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What: Shares of the DNA vaccine-maker Inovio Pharmaceuticals (INO 5.87%) fell by more than 17% last month according to data from S&P Global Market Intelligence. Like most clinical-stage biotechs, Inovio's shares were hit particularly hard by the Brexit vote in June. 

INO Chart

INO data by YCharts

So what: Inovio's shares were gaining momentum this year primarily due to its collaboration with GeneOne Life Science on a DNA-based vaccine aimed at preventing infection from the Zika virus. Although this early-stage vaccine candidate is likely a few years away from regulatory approval, investors apparently saw a compelling opportunity -- presumably due to the sheer size of the latest Zika outbreak in Brazil. Whether or not this enthusiasm will return following the Brexit downer, though, remains to be seen. 

Now what: Inovio's various forays into high profile infectious diseases like Ebola, Middle East Respiratory Syndrome, and Zika are probably best viewed as sideshows to the company's far more important ventures in cancer immunotherapy. The cold, hard truth is that by the time Inovio, or any other vaccine-maker for that matter, gains regulatory approval for one of these explosive infectious diseases, the outbreak that spurred the research in the first place will more than likely be contained, dampening the commercial potential.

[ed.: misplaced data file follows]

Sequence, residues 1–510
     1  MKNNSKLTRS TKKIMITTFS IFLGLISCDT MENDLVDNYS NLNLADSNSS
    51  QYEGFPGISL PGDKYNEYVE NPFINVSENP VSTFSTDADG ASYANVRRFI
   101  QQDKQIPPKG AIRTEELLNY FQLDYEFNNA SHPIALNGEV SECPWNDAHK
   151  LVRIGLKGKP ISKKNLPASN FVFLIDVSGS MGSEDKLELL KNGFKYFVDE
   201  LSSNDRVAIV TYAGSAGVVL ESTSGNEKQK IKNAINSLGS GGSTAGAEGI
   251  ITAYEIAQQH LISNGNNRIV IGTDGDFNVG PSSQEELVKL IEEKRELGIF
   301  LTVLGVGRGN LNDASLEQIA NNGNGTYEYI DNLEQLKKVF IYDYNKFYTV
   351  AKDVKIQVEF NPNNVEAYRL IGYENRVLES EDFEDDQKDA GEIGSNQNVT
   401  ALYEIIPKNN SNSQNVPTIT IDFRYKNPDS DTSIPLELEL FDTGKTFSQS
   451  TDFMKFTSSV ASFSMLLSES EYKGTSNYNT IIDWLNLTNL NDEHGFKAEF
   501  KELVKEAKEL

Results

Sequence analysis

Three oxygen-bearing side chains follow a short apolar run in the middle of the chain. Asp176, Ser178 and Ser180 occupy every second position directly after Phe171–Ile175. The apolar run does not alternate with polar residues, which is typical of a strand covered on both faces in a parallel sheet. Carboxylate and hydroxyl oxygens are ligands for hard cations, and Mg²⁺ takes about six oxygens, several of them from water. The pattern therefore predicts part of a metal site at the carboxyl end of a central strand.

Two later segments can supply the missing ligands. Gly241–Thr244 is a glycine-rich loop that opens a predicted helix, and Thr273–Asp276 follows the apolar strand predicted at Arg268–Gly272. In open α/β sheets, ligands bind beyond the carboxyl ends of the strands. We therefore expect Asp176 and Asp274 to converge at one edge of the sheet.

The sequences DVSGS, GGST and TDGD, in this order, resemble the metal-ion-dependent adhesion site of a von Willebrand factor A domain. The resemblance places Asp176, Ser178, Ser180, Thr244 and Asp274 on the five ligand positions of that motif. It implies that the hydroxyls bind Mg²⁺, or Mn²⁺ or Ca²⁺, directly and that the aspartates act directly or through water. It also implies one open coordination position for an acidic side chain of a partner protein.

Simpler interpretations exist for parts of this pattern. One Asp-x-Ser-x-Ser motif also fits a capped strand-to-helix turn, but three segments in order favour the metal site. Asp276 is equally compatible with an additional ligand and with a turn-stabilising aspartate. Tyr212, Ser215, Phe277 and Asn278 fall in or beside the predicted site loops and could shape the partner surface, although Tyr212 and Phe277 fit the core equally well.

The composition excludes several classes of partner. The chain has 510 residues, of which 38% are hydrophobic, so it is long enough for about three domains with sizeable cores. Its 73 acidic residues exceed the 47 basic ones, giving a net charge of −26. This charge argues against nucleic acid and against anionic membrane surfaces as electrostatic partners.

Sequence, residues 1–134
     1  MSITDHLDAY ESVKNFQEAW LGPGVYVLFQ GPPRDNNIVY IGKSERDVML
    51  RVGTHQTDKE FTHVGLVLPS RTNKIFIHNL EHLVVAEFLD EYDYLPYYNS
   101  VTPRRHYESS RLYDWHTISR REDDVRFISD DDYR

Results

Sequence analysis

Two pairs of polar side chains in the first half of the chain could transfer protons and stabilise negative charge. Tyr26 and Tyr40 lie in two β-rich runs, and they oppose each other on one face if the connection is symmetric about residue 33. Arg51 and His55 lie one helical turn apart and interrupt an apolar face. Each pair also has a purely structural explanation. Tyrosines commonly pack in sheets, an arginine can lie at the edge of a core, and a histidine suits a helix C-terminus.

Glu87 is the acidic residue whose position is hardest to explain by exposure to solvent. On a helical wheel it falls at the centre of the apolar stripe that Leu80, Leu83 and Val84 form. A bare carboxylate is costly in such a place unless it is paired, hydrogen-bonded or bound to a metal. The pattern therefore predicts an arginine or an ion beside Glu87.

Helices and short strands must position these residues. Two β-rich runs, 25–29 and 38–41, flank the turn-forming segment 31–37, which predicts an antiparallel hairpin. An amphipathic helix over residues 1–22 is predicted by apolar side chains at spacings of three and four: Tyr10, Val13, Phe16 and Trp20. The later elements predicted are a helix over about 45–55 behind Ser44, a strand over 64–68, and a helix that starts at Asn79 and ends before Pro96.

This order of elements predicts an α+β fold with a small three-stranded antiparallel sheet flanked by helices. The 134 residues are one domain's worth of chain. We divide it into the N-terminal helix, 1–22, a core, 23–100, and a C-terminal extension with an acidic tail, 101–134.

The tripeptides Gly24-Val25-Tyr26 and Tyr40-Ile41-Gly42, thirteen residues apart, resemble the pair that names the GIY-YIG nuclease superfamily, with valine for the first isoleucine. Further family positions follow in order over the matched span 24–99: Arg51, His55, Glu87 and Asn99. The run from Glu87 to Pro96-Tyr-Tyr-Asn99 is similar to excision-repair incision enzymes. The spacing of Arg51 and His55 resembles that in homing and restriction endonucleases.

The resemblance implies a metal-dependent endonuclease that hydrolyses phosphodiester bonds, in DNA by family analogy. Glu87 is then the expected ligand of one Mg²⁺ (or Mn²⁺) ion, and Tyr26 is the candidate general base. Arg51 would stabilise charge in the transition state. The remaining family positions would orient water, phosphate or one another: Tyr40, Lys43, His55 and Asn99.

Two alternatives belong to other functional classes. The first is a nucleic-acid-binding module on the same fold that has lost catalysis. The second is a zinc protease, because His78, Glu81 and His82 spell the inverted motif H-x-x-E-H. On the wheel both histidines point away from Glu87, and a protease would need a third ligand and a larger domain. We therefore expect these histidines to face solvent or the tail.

Looking ahead, Inovio is set to launch a pivotal-stage trial for its experimental cervical dysplasia vaccine VGX-3100 later this year, and has already begun clinical trials with collaborator AstraZeneca (AZN 0.01%) for its next-generation anti-cancer vaccine INO-3112.

In my view, this partnership with Astra is going to be key going forward. One of the biggest knocks against Inovio is that the company works at a snail's pace when it comes to advancing its most promising clinical candidates. Astra, by contrast, has taken an extremely aggressive approach toward developing its immuno-oncology pipeline, meaning that it probably won't tolerate any lollygagging on Inovio's part. In short, investors are going to learn a lot about whether or not Inovio's DNA-based vaccine platform has a place in the anti-cancer therapy landscape through this collaboration. And that's a good thing. 

Until then, though, I'd recommend sticking to the sidelines with this risky biotech.